We run through some statements to try and distinguish those that are purely observations with those that have evaluation mixed in. It’s here that a few of the guys have an “Aha! I get it!” moment. I highlight how sometimes our language contains words which imply judgement, when we might not think we’re judging. To say that “Joe complained about the water report” is not to observe, because there is an evaluation in the word “complain”. This is likely to cause Joe to become defensive and react. A way to express this which is less likely to elicit such a response might be: “Joe told me he didn’t like the writing style for the newest version of the water report.”

The philosopher J. Krishnamurti once said that observation without evaluation is the sign of a very intelligent person. While I’m not so sure about what intelligence is, I see real value in our relationships to each other distinguishing the two. I’m pretty comfortable that the participants got the message here, too.

The ability to observe without evaluating is the highest form of intelligence.
– Jiddu Krishnamurti

Feeling refreshed, we move onward to our destination for the evening – Kingfisher Pool camping ground. It’s mid-afternoon and I bet the crew are itching for a swim in those lovely rock pools. I know I am. From here, the trail is much easier walking, dipping up and down as we cross the Karong and Mooray gullies.

We roll into camp around 5pm to find some friends for the night in a group of Indian men who seem to have brought their whole kitchen and are preparing a feast made mostly by their wives.

I tell everyone to dump their gear and take the next hour or so to themselves. A few of us are keen to head over to the rock pools so we don’t even bother setting up camp. There’s still plenty of daylight left. The Kingfisher Pools are gorgeous. The setup reminds me of a Shakespearean amphitheatre. The rocks where you enter the water the stage, the water the audience. In the late afternoon sun we swim around, hanging out on “moss rock” (lovingly named for its slipperiness under the water) while we watch and laugh as Dave E. and Johanna have “doggy-paddle” races.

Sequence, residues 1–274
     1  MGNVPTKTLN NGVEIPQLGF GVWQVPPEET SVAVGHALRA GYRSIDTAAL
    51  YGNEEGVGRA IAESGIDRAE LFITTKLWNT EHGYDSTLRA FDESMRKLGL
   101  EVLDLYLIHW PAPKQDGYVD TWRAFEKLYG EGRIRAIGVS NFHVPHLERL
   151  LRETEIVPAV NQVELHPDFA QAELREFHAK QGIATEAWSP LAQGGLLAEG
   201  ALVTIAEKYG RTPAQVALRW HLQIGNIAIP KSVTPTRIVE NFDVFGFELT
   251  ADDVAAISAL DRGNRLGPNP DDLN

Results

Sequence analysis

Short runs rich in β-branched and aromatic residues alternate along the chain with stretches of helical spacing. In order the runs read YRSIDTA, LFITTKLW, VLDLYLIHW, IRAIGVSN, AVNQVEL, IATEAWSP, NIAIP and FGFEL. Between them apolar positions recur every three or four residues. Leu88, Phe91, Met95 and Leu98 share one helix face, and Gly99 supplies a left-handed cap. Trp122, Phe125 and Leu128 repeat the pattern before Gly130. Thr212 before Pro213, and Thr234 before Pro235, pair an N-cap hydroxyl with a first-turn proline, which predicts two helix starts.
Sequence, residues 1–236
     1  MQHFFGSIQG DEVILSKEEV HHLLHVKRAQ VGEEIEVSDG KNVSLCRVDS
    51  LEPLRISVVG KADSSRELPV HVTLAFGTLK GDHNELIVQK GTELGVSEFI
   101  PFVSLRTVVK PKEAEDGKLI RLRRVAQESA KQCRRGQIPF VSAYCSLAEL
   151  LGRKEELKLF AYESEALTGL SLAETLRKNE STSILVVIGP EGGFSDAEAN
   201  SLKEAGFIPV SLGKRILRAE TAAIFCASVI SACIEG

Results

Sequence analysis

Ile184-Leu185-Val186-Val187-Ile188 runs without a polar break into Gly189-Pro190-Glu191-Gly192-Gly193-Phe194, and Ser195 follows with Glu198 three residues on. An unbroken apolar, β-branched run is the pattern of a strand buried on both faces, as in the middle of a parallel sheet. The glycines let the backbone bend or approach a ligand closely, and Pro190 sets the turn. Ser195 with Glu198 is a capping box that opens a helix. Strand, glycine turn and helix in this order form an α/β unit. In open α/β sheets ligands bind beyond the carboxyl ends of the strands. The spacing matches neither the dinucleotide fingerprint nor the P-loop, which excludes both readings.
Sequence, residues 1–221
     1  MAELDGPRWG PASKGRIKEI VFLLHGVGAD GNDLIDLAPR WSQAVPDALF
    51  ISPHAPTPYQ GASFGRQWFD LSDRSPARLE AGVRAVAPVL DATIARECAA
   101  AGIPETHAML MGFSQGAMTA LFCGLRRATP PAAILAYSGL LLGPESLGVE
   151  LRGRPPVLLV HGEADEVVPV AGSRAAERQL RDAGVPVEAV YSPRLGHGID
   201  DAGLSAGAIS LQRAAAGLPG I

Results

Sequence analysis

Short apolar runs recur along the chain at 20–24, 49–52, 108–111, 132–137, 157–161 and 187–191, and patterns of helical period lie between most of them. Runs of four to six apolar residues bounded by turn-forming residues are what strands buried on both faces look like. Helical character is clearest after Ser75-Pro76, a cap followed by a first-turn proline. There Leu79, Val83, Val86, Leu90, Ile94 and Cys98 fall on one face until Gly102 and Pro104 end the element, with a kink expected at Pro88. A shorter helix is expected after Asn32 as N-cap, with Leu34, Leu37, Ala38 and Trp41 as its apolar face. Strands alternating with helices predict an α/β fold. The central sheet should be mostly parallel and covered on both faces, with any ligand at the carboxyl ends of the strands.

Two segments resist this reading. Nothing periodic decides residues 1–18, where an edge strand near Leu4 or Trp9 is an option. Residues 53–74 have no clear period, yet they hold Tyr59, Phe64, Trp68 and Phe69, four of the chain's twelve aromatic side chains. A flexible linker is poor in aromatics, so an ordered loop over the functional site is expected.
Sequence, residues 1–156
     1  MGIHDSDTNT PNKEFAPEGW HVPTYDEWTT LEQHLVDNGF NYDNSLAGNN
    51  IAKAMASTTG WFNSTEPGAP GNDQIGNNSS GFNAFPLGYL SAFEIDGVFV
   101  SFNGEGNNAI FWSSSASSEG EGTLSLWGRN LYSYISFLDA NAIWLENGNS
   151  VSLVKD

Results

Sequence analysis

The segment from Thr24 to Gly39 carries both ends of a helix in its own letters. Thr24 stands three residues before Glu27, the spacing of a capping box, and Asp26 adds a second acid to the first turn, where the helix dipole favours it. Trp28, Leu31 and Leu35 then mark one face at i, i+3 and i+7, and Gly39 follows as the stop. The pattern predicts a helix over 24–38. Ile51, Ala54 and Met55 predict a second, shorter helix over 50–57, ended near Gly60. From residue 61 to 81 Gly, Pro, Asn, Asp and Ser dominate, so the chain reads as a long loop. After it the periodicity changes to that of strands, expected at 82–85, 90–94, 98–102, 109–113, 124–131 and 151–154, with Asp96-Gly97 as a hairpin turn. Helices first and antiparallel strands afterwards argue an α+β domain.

After a while, I pull everyone in to prepare dinner and go through our next session. We’re sitting up on some rocks overlooking the pools and it is magnificent.

Expressing yourself clearly and honestly.

In the next session, I want to emphasise the importance of expressing ourselves clearly and being vulnerable. Important in that it will help get our needs met and build stronger relationships with others. Typically when we use phrases such as “I feel like…” we’re not actually expressing our feelings, but what we’re thinking. Often this thinking contains moralistic judgement. There are also some sneaky words which sound like feelings, but are actually expressions of how we think others are behaving. Words like “misunderstood”, “cheated”, or “manipulated”. We put this into practice by building a personal inventory of feelings to expand everyone’s vocabulary beyond “I feel good” and “I feel bad”.


On the rocks overlooking the pools. Note James and his packets of chips…

When I started this journey, I was shocked at how limited my own literacy was, and how difficult I found it to express the actual emotion I was feeling, beyond the vague binaries of “good” and “bad”, “happy” and “sad”.

Looking around, I sensed people were tired and done with content. The sun was setting as we sat up there on the rocks. I called it a day for the content and let everyone know we’d be starting again at 9am the next morning.


Continue reading Part 3.

Interested in hearing more about compassion and empathy?

Every week I write a couple of articles: sharing course experiences, writing guides to communication or the outdoors, as well as musing over compassion, mindfulness and movement as I float through life like a water lily.